The University of Washington program in physical therapy is accredited by the American Physical Therapy Association Commission on Accreditation in Physical Therapy Education. For complete program details visit rehab.washington.edu/education/degree/pt.
Doctor of Physical Therapy
157 credits, as follows:
The prosthetist-orthotist is a member of the rehabilitation healthcare team, which also includes physicians, surgeons, physical and occupational therapists, psychologists, vocational rehabilitation counselors, and other appropriate specialists. The interdisciplinary rehab team works with physically challenged individuals to increase their functional abilities, enhance their daily life, and help them to participate in activities they enjoy.
Certified Prosthetists Orthotists (CPOs) provide direct patient care and management. CPOs work in conjunction with physicians, surgeons, and therapists to evaluate the prosthetic or orthotic needs of the patient. Prostheses replace or substitute for a missing limb or part of a limb, and orthoses help with the control of motion and the support of a weakened body segment. Before designing a specific device, the prosthetist-orthotist examines a patient to find any conditions that might affect the future success of that device. Following the evaluation, the prosthetist-orthotist obtains an impression of the affected segment along with the appropriate measurements. A technician fabricates the prosthesis or orthosis, and the prosthetist-orthotist assesses the fit and function of the device and follows up with the patient. as necessary. To evaluate the fit and function, the prosthetist-orthotist must have a detailed knowledge of anatomy and kinesiology, joint range of motion, muscle strength, human locomotion, material science, and the human-device interaction.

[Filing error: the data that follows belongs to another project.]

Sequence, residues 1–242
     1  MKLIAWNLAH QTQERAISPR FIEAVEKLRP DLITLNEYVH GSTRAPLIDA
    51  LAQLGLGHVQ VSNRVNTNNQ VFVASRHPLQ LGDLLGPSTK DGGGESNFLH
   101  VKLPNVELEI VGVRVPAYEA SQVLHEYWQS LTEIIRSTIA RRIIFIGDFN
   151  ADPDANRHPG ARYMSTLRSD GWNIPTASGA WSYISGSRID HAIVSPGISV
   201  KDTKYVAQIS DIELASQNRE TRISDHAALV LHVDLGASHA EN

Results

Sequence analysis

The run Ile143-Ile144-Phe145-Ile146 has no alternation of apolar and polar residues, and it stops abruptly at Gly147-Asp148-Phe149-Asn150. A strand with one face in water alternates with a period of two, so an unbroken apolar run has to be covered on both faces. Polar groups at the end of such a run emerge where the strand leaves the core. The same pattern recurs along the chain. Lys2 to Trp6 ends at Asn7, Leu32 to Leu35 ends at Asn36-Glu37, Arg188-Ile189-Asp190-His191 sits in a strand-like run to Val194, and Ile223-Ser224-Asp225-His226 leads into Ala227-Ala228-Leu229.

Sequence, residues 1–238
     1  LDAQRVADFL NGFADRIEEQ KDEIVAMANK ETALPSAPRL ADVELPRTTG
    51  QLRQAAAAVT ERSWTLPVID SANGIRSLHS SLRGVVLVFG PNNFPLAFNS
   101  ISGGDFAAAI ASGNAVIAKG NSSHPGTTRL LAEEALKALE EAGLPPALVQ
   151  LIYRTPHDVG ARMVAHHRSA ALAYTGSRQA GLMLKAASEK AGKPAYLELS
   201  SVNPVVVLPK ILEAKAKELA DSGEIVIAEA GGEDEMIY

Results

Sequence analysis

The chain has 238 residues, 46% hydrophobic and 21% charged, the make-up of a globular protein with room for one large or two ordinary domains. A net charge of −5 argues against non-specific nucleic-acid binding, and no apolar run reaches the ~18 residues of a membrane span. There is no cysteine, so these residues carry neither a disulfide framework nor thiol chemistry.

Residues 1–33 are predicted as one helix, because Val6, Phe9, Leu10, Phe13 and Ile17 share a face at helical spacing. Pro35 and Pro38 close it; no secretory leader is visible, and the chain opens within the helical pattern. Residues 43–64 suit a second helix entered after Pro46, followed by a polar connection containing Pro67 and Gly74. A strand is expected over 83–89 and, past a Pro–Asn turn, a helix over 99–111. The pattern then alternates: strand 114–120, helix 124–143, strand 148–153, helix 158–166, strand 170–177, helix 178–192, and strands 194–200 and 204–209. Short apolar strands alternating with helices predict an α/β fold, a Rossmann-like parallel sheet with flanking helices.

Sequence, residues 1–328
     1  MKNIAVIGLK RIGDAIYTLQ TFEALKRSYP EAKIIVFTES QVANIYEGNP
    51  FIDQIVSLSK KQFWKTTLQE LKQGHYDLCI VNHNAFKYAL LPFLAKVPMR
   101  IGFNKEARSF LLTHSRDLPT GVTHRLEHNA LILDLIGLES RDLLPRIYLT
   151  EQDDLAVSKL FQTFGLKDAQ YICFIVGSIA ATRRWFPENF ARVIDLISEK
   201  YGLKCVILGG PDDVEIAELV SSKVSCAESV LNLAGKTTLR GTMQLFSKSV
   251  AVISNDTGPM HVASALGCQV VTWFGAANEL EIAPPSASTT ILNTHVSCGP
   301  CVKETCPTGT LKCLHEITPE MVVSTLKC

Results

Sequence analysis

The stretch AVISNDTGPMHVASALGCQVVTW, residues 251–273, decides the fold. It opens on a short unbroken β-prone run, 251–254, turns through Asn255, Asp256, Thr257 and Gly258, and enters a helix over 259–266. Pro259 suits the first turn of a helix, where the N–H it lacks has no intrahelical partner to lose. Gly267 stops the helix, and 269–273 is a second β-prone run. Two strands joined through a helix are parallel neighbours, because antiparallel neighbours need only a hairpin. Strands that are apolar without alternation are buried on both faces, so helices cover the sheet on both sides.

Graduate Program Coordintor
The prosthetics and orthotics division offers the following program of study:
Master of Prosthetics and Orthotics
See program website for complete details on admissions requirements.
112 credits as follows:
Doctor of Philosophy in Rehabilitation Science
Rehabilitation science is an interdisciplinary field that focuses on human function and disability. Basic and applied research from health sciences, social sciences, engineering, and related fields is directed toward (1) enhancing physical and psychosocial functioning, participation in life situations, and quality of life for people with disabilities; and (2) informing relevant social and healthcare policy.
The program targets students from diverse backgrounds in rehabilitation-related fields including occupational therapy, physical therapy, speech and language pathology, rehabilitation counseling, medicine, nursing, prosthetics and orthotics, and engineering.
The goal of the PhD program in rehabilitation science is to prepare future researchers, educators, and leaders in the area of rehabilitation science. Graduates contribute to the field of rehabilitation science, working in settings such as academic and research institutions, service delivery systems (e.g., hospitals, public schools), government agencies, and the private sector. These individuals are prepared to address research, education, service delivery, and policy issues from an interdisciplinary perspective.
100 credits minimum, as follows:
Core course series (21 credits): coursework and practicum experiences in teaching (minimum 5 credits), and coursework in statistics and research methods (minimum 18 credits). In addition, each student must complete three cognates (minimum 6 credits each) specific to the student's goals. The student's committee and the core faculty in the rehabilitation science doctoral program must approve the entire course of study.
General requirements: In addition to meeting all requirements of the UW Graduate School, all students are expected to meet the following general requirements.
For more information on the PhD program in rehabilitation science, visit the program's website at rehab.washington.edu/education/degree/rehabsci/.